AP reporters told the FBI about payments in Manafort’s “black ledger.” The FBI’s notes read, “The reporters advised that their next report, which was scheduled to come out in the next day or so after the meeting, would focus on confirming, to the extent that they could, payments in the so-called ‘black ledger’ that were allegedly made to Manafort.”
As Judicial Watch reports, “The AP reporters discussed an extensive list of issues, companies and individuals that they felt should be investigated for possible criminal activity, including a $50,000 payment to a men’s clothing store, a 2007 meeting with Russian oligarch Oleg Deripaska, and some companies they felt Manafort might have incorporated to cover up money laundering.
My, my. It sounds as though the Associated Press was “colluding” with our FBI and DOJ to “get” Manafort. The underlying message would have been, “We really hope you go after this guy.”
Chuck Ross of the DAILY CALLER reported on the meeting back in January and July of 2018; Manafort’s lawyers had obtained the documents and revealed them in a brief filed in the Virginia federal court where Manafort was on trial. Sara Carter also reported on this. The story didn’t get the attention it deserved at the time, but now we can look back at what the AP was doing and think, “What the huh??” A lawyer for Manafort, Kevin Downing, had written to the court, “This meeting raises serious concerns about whether a violation of grand jury secrecy occurred. Based on the FBI’s own notes of the meeting, it is beyond question that a hearing is warranted.” Indeed, we learn from this story that the meeting took place while there was an ongoing grand jury investigation of Manafort going on. According to Ross, “Manafort’s attorneys have for months questioned whether Weissmann, the number two official on the Mueller team, leaked information about Manafort to the AP.” We see now that this was a two-way street.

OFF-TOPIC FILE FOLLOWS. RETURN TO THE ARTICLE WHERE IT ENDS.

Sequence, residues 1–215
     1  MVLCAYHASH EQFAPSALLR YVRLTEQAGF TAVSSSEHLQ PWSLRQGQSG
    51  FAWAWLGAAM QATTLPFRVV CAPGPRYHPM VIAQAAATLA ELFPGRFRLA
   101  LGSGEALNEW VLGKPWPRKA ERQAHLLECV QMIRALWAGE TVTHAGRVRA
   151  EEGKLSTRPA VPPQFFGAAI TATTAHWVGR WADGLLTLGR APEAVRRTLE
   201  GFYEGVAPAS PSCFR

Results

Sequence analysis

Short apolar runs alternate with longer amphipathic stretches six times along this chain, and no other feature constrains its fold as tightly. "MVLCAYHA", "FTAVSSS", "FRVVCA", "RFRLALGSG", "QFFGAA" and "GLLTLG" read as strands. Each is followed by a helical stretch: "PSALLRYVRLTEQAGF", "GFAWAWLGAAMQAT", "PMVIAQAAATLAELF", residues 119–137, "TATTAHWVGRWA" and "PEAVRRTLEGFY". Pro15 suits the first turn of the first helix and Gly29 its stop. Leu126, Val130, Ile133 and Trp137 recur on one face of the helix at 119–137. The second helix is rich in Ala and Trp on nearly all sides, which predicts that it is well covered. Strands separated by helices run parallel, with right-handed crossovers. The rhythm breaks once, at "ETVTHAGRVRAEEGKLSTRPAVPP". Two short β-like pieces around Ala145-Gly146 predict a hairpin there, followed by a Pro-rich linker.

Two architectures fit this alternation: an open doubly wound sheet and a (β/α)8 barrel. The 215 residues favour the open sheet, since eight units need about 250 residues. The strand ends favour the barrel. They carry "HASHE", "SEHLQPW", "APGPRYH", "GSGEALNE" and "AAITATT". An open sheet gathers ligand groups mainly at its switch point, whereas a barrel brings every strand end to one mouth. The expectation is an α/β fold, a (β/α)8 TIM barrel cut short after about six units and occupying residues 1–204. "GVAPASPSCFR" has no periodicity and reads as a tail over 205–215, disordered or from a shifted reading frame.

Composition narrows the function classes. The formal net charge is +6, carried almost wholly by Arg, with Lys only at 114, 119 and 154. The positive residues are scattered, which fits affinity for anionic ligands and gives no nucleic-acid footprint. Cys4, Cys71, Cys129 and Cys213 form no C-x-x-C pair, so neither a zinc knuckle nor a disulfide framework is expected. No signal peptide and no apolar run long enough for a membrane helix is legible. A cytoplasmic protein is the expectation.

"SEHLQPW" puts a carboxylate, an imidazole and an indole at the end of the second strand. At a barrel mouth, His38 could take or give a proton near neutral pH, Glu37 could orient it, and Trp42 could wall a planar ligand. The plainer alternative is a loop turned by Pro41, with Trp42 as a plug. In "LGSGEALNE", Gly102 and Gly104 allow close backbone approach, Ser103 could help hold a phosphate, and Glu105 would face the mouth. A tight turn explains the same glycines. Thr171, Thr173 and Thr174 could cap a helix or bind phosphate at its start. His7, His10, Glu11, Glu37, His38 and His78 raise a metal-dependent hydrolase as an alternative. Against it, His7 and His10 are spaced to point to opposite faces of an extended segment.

The AP’s director for media relations, Lauren Eastman, defended the journalists’ meeting with government officials. When it first came to light in January 2018, she said this: “Associated Press journalists meet with a range of people in the course of reporting stories, and we refrain from discussing our relationships with sources. However, the suggestion that AP would voluntarily serve as the source of information for a government agency is categorically untrue.” But now we know from the FBI's own notes that this is just what they did.
Here’s the Judicial Watch press release, which confirms what was reported last year.
With the continued investigations into Ukraine’s corruption and involvement in our 2016 election, we may end up with a better picture of how the prosecution of Manafort fits in. If he broke laws other people go to prison for, then justice needs to be evenly applied. On the other hand, if he was targeted, selectively prosecuted, sent to Rikers Island and then to prison because he dared to be Trump’s campaign director, that’s the kind of “banana republic” stuff that Andrew Weissmann apparently specializes in, with help from the media. As Tom Fitton of JW tweeted last week: “These shocking FBI reports evidence a corrupt collusion between DOJ and media, specifically the Associated Press, to target Paul Manafort – are further reason for President @ReallDonaldTrump to pardon Manafort and others caught up in Mueller’s abusive web.”
Manafort is scheduled to be released from prison on Christmas 2024.